As a consumer, you can expect a lot of starts, stops and fits from your retail experiences. Some of them will be amazing and great, some will fall completely flat, some will feel sort of creepy. (I’m willing to bet that the older you are, the creepier it will feel to you.) Some people will attempt to go “off the grid” and avoid the data gathering. Others will embrace it. Until that part evens out, companies will get a bit of a skewed vision of their actual consumer base. It’s a time of change; try to be patient, if you can. Of course you’ll vote with your wallet. We all do.

As a company or marketer, you’ll have to do your best not to look like a Peeping Tom. That’s going to be a tall order for some of your customer base…and there will be a faction who will never get on board, no matter how good for them it might be. Letting them go gracefully and with your respect may actually win you more loyalty from them in the future. (You just won’t be able to track it!) It’s okay…this is a long-term game you’re playing here, and the upcoming generation already expects personalization on a grand scale. Lose the battle in order to win the war.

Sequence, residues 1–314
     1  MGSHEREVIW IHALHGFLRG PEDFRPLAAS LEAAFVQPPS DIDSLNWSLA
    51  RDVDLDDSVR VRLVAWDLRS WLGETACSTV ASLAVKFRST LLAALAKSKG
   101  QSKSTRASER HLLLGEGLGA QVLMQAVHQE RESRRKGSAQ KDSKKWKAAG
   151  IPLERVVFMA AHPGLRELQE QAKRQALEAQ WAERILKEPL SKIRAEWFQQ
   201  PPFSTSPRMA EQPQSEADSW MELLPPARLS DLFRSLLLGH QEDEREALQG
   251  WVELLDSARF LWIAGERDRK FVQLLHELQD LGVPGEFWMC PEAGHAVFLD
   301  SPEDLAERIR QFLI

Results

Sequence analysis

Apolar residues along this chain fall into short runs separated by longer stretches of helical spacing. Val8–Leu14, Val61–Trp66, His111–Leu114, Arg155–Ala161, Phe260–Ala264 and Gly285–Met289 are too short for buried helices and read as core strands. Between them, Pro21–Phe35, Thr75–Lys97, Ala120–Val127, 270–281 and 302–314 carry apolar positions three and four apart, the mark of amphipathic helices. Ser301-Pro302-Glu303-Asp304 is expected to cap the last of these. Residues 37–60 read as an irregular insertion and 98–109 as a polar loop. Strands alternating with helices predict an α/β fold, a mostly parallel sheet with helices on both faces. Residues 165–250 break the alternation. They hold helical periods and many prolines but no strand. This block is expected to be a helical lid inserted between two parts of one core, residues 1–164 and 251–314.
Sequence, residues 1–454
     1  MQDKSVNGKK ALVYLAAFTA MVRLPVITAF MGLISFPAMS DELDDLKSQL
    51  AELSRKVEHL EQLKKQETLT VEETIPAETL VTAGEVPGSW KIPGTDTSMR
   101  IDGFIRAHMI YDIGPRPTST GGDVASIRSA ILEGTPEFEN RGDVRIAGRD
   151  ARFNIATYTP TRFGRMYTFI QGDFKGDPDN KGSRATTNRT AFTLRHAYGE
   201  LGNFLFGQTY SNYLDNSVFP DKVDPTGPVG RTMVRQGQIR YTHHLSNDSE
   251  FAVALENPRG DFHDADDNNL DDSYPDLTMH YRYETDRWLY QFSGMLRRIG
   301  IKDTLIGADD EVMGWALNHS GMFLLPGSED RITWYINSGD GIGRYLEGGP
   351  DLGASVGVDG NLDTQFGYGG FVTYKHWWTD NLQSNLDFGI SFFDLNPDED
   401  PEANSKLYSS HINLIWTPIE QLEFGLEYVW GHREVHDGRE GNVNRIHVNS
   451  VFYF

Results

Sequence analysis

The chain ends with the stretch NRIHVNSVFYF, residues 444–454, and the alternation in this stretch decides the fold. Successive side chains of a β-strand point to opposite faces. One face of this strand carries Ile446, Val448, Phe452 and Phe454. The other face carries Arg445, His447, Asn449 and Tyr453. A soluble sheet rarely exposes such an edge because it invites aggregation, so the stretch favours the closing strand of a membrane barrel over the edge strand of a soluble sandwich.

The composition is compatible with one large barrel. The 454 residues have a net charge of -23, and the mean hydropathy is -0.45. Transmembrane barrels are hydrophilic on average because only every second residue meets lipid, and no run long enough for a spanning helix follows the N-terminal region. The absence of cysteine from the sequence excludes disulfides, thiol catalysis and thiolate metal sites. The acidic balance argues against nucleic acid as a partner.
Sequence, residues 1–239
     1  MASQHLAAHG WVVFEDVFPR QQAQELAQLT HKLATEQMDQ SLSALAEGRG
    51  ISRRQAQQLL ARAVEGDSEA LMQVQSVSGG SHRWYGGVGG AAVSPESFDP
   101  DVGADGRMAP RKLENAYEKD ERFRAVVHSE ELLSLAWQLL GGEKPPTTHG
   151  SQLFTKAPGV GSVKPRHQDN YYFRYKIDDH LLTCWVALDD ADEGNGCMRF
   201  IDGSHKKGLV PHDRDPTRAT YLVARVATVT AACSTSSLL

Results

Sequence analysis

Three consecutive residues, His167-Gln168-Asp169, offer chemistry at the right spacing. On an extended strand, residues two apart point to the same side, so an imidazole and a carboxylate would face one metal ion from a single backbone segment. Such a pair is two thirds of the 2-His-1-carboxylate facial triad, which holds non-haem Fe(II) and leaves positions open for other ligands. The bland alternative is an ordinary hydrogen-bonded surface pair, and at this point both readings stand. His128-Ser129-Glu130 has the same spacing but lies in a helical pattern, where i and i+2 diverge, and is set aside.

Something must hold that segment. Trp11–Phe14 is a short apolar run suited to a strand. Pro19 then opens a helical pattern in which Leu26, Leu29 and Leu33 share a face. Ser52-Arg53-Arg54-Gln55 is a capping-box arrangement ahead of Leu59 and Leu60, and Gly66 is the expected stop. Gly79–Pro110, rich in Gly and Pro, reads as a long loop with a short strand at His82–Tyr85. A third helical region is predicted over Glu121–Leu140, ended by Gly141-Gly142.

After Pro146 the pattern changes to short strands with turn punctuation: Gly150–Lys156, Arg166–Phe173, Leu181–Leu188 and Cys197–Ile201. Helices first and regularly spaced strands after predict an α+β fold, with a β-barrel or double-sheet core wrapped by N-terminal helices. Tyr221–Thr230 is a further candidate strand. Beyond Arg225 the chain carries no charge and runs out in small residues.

May we continue to live in interesting times.